Parents: Get the 4-1-1 on the 529 College Savings Plan

Have a child who’s headed off to college in the future? It’s never too early to start planning how you’re going to cover the rising costs of higher education. A 529 savings plan can help you save for your child’s (or other dependent’s) college tuition. The rules differ by state (you can look up your state here), but the basics are the same: you make regular contributions to an investment and then withdraw from that pool of money to pay for college-related expenses.

The good news: your withdrawals are tax-free, meaning you won’t be subject to any taxes each time you take out money to pay for a qualified expense.

The bad news: not all college-related costs are considered qualified expenses.

So before your child heads off to earn his first degree, you’ll want to do some homework yourself. Using 529 money to pay for the wrong kinds of expenses … Read More

The Secrets of a High Credit Score

Having a good credit score can unlock doors for you—from getting for a car loan to qualifying for the mortgage you’ve always wanted. Some lenders, including credit card companies, offer bonus incentives to people with good credit scores, including lower interest rates, mileage programs, and higher spending limits. Here are some tips to help you set healthy financial habits and watch your credit score skyrocket:

 1. Check your credit score and report.

It sounds like a no-brainer, but the first step in improving your credit is knowing how potential lenders see you. The most widely used and reputable scoring system is the FICO score, which assesses your credit  on a scale between 350 and 800. Obviously, the higher your score, the more appealing you will be to lenders, so knowing where you’re at now and where you’d like to be can give you some motivation to re-think your spending and saving … Read More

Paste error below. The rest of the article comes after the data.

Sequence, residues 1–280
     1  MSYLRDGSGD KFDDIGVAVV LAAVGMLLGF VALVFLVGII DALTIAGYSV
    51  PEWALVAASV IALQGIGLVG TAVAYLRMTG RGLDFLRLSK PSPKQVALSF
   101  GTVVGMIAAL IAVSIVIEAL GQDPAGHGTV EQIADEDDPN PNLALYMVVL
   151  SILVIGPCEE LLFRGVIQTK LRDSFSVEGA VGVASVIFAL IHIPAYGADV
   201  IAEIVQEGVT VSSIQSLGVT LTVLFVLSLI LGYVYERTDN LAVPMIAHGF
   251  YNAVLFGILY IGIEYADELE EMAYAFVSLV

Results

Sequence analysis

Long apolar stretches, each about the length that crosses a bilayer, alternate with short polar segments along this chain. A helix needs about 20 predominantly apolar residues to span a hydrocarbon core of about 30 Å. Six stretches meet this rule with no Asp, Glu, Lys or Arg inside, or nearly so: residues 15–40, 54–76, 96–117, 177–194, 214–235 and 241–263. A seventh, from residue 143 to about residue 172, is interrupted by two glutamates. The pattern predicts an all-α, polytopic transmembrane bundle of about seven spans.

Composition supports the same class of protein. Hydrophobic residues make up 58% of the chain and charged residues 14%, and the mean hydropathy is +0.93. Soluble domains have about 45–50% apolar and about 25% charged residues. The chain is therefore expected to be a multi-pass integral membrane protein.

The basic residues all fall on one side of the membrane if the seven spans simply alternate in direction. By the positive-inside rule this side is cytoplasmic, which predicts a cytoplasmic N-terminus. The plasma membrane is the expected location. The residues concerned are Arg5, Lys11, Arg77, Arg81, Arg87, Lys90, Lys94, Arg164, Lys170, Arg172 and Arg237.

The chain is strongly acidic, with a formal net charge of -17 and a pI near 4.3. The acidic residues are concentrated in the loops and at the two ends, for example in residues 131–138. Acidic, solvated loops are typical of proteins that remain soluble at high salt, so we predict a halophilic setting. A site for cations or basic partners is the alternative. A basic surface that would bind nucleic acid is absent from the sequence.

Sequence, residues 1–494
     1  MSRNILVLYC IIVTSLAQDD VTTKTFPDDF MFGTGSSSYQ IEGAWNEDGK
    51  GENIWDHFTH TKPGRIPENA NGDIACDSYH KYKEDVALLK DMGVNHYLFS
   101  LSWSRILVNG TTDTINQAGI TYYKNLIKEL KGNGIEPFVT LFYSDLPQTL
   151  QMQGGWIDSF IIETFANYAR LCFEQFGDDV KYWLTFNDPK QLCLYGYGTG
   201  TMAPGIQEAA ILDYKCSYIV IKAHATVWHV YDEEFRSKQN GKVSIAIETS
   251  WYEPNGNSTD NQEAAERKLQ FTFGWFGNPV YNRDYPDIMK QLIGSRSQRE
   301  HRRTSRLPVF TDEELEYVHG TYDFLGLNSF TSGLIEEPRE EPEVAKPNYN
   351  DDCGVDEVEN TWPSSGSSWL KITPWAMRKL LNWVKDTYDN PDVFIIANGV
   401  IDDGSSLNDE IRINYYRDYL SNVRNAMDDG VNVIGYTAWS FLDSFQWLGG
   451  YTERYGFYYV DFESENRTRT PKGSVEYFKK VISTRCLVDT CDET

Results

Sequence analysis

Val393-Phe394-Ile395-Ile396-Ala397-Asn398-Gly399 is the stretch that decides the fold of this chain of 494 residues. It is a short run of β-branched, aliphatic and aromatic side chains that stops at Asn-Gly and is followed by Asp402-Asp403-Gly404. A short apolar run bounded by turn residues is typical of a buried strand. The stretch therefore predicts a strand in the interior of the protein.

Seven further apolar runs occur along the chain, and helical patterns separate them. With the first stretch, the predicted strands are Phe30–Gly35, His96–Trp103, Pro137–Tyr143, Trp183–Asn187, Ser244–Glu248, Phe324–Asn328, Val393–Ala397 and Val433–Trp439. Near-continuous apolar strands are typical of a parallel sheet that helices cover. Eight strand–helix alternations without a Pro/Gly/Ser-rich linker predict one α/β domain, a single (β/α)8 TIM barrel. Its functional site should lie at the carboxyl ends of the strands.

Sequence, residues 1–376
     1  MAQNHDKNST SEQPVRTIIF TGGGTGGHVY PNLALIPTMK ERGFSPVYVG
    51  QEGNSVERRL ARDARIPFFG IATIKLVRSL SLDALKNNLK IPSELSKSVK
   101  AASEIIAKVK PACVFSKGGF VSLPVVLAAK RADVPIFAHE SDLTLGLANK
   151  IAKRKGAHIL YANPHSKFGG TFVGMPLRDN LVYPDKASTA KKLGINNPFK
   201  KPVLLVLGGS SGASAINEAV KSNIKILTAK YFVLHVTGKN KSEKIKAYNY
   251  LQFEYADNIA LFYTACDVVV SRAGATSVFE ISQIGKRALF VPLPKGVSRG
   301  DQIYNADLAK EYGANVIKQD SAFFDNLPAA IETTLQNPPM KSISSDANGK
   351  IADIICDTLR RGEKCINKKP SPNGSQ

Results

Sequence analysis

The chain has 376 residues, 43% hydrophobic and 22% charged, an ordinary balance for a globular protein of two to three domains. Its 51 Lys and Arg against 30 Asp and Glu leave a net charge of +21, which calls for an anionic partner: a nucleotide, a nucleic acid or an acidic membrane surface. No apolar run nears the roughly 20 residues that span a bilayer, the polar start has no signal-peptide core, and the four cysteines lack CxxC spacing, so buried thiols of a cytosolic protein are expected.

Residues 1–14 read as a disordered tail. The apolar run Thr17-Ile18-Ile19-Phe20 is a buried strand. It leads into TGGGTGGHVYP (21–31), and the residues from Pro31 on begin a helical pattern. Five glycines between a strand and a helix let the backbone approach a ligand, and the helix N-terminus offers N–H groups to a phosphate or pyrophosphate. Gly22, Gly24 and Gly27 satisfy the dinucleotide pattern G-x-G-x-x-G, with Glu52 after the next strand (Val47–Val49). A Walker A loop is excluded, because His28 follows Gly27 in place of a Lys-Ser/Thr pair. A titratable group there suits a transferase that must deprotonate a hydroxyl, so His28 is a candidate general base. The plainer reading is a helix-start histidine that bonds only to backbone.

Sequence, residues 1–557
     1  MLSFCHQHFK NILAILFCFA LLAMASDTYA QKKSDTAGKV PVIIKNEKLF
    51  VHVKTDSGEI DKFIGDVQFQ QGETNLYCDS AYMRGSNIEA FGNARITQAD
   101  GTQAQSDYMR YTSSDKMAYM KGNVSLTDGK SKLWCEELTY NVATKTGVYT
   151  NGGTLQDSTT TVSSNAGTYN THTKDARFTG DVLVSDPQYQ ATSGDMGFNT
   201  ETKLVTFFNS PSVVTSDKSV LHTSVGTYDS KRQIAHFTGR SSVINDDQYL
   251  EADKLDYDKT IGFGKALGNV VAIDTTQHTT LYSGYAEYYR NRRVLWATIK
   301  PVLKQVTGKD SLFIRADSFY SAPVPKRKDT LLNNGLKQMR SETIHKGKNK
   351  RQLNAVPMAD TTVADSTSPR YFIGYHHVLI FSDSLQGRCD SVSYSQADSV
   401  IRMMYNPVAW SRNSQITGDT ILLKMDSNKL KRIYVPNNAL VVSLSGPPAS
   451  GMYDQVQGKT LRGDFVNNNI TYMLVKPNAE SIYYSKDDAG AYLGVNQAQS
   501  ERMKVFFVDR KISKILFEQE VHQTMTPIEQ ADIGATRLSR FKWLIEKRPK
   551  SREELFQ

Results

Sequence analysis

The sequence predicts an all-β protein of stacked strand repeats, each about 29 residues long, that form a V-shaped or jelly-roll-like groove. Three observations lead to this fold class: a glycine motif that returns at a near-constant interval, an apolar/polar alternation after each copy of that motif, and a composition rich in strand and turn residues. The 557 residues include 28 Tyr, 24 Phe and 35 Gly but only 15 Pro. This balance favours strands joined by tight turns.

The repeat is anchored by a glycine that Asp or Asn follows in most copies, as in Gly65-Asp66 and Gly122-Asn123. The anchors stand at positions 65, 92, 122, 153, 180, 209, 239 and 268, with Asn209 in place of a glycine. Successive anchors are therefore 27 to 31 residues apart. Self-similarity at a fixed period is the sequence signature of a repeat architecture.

Three Financial Rules for College Graduates

The hardest part about graduating from college isn’t the final exams or saying goodbye to friends from your dorm—it’s the more subtle process of transitioning from a student role into that of an independent adult. Life after college is full of questions—where will I live? What will I do for a job? How will I make ends meet?

Decisions you make now, including financial habits, will set the course for your post-college life. Here are three financial rules for college graduates.  These tips will help establishing good financial habits that your future self will thank you for:

  1. Make paying off student loans a priority.

    Don’t get too comfortable during the grace period after graduation—those six months will fly by, and monthly bills for your federal loans will kick in before you know it. Instead, spend that post-college grace period finding a job that will allow you to pay more than your

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